CytoRecovery: Next Generation Cell Separation and Recovery Technology
CytoRecovery has been busy developing new technology to improve cell separation capabilities for cell biology research.
Their focus is to support life science research by providing new technology to rapidly separate and recover live cancer and other cell subpopulations from biological samples in their native state, which enables unbiased, downstream cell biology analytics. CytoRecovery’s technology recognizes that all cells have a unique “biophysical fingerprint” which means different cells behave differently in an electric field, termed dielectrophoresis. CytoRecovery’s cell separation is rapid, and their proprietary cell separation system provides a new tool for unbiased cell recovery.
CytoRecovery’s most important application of their biophysical fingerprinting technology is their development of a revolutionary, tiny “microchip” with the ability to separate and recover different types of cancer cells. For example, they work to recover cancer stem cells and subpopulations of cells found in complex, cancerous tumors. Cancer stem cells are “self-renewing” cells that are present in very small concentrations, less than one tenth of 1%, but have the ability to cause recurrence of the cancer after treatment. Additionally, tumors are complex mixtures of cells that contain some cells that will resist treatment. To improve treatment outcomes, these cancer cell subpopulations, need to be recovered and tested for better understanding of disease progression. When these cells spread and become resistant, new treatments can be developed, but the cells often adapt and become resistant again causing a vicious cycle. If these can be separated out, then therapies against them can be tested upfront when the cancer is first being treated. This is important, as doctors need to make sure the right treatments are being prescribed, at the earliest possible time, for the cancer patient.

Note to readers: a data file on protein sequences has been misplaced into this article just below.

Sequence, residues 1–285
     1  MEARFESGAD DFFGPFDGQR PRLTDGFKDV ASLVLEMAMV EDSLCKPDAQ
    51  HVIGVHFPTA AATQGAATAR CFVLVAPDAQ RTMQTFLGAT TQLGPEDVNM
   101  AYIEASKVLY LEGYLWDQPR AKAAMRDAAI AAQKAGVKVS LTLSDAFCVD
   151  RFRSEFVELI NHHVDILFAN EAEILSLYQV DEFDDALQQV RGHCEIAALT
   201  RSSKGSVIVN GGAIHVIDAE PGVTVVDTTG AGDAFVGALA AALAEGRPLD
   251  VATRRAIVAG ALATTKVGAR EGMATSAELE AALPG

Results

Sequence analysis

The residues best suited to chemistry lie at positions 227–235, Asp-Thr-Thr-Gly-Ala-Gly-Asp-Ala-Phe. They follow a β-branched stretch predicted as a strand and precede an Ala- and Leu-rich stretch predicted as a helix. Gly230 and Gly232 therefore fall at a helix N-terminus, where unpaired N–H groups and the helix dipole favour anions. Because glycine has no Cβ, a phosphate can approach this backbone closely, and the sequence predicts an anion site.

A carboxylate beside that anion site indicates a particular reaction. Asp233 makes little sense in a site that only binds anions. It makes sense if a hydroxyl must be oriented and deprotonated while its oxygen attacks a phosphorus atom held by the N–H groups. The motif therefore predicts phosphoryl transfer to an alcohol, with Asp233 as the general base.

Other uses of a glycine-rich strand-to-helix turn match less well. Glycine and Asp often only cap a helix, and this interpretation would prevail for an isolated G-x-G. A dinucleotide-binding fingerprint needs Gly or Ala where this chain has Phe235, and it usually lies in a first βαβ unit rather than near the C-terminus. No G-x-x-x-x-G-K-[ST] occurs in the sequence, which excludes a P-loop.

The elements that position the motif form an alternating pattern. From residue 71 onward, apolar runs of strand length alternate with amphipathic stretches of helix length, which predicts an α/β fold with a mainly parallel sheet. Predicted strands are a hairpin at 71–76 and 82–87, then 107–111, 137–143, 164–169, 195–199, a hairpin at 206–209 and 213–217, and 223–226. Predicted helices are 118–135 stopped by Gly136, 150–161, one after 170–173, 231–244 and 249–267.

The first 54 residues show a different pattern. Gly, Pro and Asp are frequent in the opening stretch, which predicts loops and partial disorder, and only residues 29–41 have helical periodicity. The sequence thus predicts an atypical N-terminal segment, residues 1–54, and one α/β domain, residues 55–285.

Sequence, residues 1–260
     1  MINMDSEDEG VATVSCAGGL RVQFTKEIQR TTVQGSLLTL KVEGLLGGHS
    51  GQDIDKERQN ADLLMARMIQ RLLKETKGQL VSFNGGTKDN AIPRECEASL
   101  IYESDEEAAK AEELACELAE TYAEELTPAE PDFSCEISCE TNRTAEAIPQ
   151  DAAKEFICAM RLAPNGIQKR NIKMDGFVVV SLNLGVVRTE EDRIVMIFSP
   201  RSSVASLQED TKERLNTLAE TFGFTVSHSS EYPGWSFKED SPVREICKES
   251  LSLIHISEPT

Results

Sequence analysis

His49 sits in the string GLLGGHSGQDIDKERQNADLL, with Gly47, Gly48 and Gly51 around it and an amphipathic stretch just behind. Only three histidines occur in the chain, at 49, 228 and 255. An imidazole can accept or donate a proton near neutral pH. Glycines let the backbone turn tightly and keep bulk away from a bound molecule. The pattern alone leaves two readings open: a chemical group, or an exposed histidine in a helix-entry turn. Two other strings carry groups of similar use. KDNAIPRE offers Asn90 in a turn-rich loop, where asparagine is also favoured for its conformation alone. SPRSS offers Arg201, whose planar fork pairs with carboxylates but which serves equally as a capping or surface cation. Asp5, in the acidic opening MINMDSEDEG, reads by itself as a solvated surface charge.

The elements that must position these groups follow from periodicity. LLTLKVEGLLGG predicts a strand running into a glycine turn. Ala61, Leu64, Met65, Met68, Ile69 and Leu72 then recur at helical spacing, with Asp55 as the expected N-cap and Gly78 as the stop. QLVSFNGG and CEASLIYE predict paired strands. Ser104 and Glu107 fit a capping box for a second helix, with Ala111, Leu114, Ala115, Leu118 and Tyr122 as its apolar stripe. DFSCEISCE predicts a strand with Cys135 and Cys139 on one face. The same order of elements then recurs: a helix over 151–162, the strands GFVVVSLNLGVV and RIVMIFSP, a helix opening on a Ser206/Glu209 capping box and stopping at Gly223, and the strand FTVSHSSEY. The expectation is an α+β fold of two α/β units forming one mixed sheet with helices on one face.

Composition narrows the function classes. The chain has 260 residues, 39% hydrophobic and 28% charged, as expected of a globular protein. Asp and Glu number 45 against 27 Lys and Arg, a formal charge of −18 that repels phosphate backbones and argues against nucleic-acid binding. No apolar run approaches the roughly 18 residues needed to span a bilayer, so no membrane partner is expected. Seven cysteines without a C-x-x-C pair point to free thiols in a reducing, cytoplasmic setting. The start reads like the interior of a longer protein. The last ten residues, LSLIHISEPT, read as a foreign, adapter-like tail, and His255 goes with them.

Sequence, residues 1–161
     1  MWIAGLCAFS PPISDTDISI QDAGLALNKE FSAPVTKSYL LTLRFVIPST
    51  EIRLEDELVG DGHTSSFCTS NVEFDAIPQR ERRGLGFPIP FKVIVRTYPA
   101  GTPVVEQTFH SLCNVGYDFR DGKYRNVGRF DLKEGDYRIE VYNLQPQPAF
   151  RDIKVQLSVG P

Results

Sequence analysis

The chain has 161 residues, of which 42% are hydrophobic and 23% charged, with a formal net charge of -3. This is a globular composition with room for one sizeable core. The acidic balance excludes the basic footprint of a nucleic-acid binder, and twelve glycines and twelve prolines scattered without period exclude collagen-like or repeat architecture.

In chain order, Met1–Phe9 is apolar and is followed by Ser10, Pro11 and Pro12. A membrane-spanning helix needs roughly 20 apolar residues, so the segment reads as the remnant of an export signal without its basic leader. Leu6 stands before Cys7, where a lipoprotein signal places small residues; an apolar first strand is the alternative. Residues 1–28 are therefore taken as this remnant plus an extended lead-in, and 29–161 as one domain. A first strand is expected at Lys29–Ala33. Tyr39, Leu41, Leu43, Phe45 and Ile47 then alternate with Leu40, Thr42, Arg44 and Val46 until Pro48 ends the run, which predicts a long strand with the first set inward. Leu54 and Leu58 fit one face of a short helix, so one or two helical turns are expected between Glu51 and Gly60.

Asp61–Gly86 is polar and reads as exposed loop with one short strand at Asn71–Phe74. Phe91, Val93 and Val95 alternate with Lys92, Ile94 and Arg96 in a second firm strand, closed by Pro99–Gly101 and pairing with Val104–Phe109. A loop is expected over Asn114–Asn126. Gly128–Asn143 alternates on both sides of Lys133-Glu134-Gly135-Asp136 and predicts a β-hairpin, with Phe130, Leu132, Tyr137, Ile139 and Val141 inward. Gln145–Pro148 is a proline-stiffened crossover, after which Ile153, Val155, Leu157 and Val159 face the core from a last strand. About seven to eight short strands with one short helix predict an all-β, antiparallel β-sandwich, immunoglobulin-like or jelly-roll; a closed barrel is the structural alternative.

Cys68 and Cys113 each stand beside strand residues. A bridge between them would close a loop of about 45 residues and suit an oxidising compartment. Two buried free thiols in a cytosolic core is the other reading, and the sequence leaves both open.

The technology being used is unique in its ability to recover populations of specific cells based upon their biophysical properties in a sterile environment and without impacting the cells, enabling their maintenance and viability for further analysis and use in biomedical research. As the technology does not use cell markers, cells are recovered in their native, unbiased state, and previously undetected or rare cell populations can be recovered. This is a powerful tool for advancing the new understanding of the tumor microenvironment and cancer disease progression.
CytoRecovery plans to have their first products available for researchers next year.
Steve turner, CEO says, “We chose the VTCRC for our office location primarily because of proximity to the Virginia Tech laboratories and scientists with whom we collaborate, and the informal, innovation environment that it has successfully established.”
To learn more, visit them at www.cytorecovery.com.